A Few Late-November Thoughts on the NHL
Florida Panthers management fired head coach Gerard Gallant not because he’s a lousy coach or because of the club’s slow start, though the latter made a convenient excuse. Gallant was fired because because he wasn’t “their guy”,
Under Gallant’s coaching, the Panthers recorded a team-record 47 wins last season, clinching the Atlantic Division and reaching the playoffs for only the second time in 15 years. He was a finalist for the Jack Adams Award as NHL coach of the year.
In other words, Gallant didn’t suddenly get stupid or let success go to his head.
Former Panthers GM Dale Tallon hired Gallant, who’s an old school type of coach. But his style clashed with the analytics crowd running the show in the Panthers’ front office. This isn’t a slam against analytics; advanced stats are invaluable tools in evaluating player and team performance.
But in the case of the Gallant firing, the decision overlooked the fact the Panthers were missing several key players (Jonathan Huberdeau, Jussi Jokinen and Nick Bjugstad) to injury, while blueliners Erik Gudbranson, Brian Campbell and Dmitry Kulikov departed last summer via trades or free agency. Those absences obviously took a toll in the early going this season.
Don’t expect Gallant to be unemployed for long. While the Panthers’ front office seemingly had little appreciation for his services, others teams will be contacting him soon. The Vancouver Canucks and New York Islanders could be two clubs with interest in Gallant.
In every NHL season, there’s always a handful of players who regularly surface in the trade rumor mill. This season, Buffalo Sabres left wing Evander Kane, Pittsburgh Penguins goaltender Marc-Andre Fleury, Calgary Flames defenseman Dougie Hamilton and Arizona Coyotes center Martin Hanzal are considered likely trade candidates.
For all the discussion about where Kane, Fleury and Hamilton might go, their contracts are significant sticking points. Each of them carries annual cap hits over $5 million.
With only the Ottawa Senators, New Jersey Devils, Florida Panthers and Carolina Hurricanes possessing over $6 million in cap space, the only way those guys get moved right now is if there’s a dollar-for-dollar deal to be made, or if any interested parties can shed salary in separate moves.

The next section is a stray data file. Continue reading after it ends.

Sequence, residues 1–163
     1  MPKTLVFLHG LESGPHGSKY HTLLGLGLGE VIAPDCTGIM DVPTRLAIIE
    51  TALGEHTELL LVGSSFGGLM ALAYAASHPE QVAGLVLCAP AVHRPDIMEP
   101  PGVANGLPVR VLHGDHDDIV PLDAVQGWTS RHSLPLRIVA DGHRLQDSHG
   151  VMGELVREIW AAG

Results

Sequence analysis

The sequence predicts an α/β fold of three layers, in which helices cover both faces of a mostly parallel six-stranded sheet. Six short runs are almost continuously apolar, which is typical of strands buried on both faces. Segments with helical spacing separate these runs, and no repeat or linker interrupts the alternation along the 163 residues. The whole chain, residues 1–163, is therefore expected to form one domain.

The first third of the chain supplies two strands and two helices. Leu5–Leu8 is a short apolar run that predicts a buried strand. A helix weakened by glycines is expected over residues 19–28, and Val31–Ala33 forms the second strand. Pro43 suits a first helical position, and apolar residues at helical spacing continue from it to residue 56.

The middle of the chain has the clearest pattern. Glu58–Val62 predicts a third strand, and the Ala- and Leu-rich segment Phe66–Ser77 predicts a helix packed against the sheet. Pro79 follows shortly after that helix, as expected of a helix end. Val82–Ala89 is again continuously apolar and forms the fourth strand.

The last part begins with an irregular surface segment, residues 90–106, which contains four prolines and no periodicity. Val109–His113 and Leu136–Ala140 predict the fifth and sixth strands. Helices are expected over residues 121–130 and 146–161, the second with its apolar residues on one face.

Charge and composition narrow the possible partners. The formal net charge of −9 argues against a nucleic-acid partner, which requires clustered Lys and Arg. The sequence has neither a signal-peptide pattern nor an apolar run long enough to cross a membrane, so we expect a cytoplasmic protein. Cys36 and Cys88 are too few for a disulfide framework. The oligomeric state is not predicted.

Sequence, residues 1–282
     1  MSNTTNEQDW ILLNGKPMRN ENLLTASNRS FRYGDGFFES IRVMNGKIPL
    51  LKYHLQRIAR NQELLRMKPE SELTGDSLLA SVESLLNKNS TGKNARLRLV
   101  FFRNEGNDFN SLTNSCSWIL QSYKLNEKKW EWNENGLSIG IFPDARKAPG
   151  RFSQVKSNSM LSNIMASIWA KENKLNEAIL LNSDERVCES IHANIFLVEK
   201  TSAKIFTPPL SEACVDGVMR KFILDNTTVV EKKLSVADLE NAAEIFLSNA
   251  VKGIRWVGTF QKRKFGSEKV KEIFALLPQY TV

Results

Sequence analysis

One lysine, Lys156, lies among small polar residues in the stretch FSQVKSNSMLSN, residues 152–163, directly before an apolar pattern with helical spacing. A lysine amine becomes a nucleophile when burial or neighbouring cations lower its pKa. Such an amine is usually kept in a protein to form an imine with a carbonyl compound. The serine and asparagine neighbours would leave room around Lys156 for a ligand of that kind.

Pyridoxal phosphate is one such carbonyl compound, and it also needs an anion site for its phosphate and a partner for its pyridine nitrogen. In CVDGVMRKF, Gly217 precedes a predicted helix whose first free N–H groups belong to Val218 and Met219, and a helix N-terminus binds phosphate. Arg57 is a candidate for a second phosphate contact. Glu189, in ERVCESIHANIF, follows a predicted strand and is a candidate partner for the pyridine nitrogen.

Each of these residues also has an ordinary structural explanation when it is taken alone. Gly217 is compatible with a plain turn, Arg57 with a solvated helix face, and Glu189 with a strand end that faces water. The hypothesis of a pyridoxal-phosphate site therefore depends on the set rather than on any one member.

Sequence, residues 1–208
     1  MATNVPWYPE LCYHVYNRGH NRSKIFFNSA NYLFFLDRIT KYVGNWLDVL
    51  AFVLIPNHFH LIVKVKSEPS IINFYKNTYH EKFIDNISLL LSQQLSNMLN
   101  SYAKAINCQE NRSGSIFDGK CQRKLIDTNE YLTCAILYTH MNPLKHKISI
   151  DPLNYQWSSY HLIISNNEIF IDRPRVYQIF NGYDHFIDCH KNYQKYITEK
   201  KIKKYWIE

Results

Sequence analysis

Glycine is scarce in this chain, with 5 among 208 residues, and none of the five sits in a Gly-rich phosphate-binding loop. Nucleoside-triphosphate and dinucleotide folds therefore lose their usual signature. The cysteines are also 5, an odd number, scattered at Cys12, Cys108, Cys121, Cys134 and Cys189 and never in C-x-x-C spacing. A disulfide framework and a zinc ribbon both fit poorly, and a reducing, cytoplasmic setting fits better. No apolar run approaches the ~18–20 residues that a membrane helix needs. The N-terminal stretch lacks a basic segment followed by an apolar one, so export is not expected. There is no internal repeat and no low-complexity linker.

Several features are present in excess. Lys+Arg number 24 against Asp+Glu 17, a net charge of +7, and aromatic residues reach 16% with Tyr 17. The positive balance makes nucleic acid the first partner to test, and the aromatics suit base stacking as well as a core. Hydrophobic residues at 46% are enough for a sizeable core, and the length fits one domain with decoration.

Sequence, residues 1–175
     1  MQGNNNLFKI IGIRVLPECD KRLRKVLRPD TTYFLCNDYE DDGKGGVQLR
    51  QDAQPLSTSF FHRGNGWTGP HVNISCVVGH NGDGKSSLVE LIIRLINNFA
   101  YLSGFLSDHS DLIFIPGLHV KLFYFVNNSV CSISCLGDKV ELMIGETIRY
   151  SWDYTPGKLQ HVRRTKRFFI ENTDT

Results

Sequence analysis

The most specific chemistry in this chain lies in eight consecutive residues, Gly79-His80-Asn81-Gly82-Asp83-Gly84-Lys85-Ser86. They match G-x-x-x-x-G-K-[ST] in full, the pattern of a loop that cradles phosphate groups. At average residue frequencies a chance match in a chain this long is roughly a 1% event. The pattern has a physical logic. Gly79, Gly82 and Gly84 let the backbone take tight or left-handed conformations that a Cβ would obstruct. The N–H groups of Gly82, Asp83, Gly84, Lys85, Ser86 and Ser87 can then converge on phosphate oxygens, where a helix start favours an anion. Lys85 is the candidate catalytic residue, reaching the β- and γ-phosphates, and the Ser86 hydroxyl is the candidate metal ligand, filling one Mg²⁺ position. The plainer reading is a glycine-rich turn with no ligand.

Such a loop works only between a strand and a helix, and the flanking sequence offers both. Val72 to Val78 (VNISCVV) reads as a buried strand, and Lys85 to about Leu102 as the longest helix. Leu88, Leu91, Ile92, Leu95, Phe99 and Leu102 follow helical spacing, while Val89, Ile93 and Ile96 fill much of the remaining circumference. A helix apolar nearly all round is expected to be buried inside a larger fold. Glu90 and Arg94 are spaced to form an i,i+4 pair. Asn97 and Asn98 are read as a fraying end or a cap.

As for Hanzal, he carries a more affordable $3.1 million cap hit and is eligible for unrestricted free agency in July. While there’s undoubtedly interest in the 6-foot-6, 226-pound center, there’s no certainty he’s available right now. The Coyotes apparently want to re-sign him, preferably to a short-term deal.
If any of these guys get dealt this season, it’ll happen closer to the March 1 trade deadline. It’s tough to move high-salaried players before January.
Pittsburgh Penguins captain Sidney Crosby is primarily known as a playmaker. In his five 100-point seasons, only once – in 2009-10 – did he reach the 50-goal plateau.
After missing the opening six games of this season to concussion symptoms, the 28-year-old Crosby’s been on a torrid scoring pace. Of his 20 points in 16 games, 15 of those are goals. That puts Crosby on pace to reach 70 goals in 76 games.
Of course, it’s unlikely Crosby will reach that rarefied air. The last time any NHL player tallied 70 goals was in 1992-93, when Teemu Selanne and Alexander Mogilny each netted 76. The last player to reach 60 goals was Tampa Bay Lightning center Steven Stamkos in 2011-12.
Crosby might have a shot at 60 goals this season. A second 50-goal campaign, however, seems more likely for the Penguins superstar.
The Montreal Canadiens finish November as the NHL’s top team, just as they were a year ago. And once again, goaltender Carey Price is the biggest reason why the Habs are perched atop the overall standings.
This season’s version of the Canadiens appears a better, grittier bunch, with offseason acquisitions Shea Weber, Alexander Radulov and Andrew Shaw playing key roles. Alex Galchenyuk, meanwhile, continues to blossom as a first-line center, a role he should’ve been put in much sooner last season.
Price, however, is the main factor behind the Habs’ success.
Last season, the Canadiens season was derailed by Price’s season-ending knee injury last November. As long as Price stays healthy, the Habs should remain among the league’s top teams. But if he sidelined again for another lengthy period, they could once again tumble out of playoff contention.
Colorado Avalanche right wing Jarome Iginla is coming to the end of his 20-year NHL career. The 39-year-old has only five points in 20 games and now skates on the Avs’ third-line.
With the Avalanche struggling again this season, speculation is percolating that perhaps Iginla could get dealt to a playoff contender by the March 1 trade deadline. Iggy, meanwhile, isn’t thinking about that possibility right now, claiming he still wants to help the Avs reach the playoffs.
If the Avalanche are well out of postseason contention by late-February, they could ask Iginla to waive his no-trade clause to join a contender.
Not to be sacrilegious, but if Iginla’s a fading asset by that point, will a playoff club really have interest in him?
Iginla’s a future first-ballot Hall of Famer and one of hockey’s good guys. Maybe his years of experience and leadership will prove enticing for clubs seeking those assets for a long playoff run. Maybe Iginla, who’s always been a slow starter, will regain his scoring mojo on a deeper roster.
But if all he’s got left to offer a playoff contender is his name and his previous accomplishments, that might not be enough to sway a GM into pursuing him.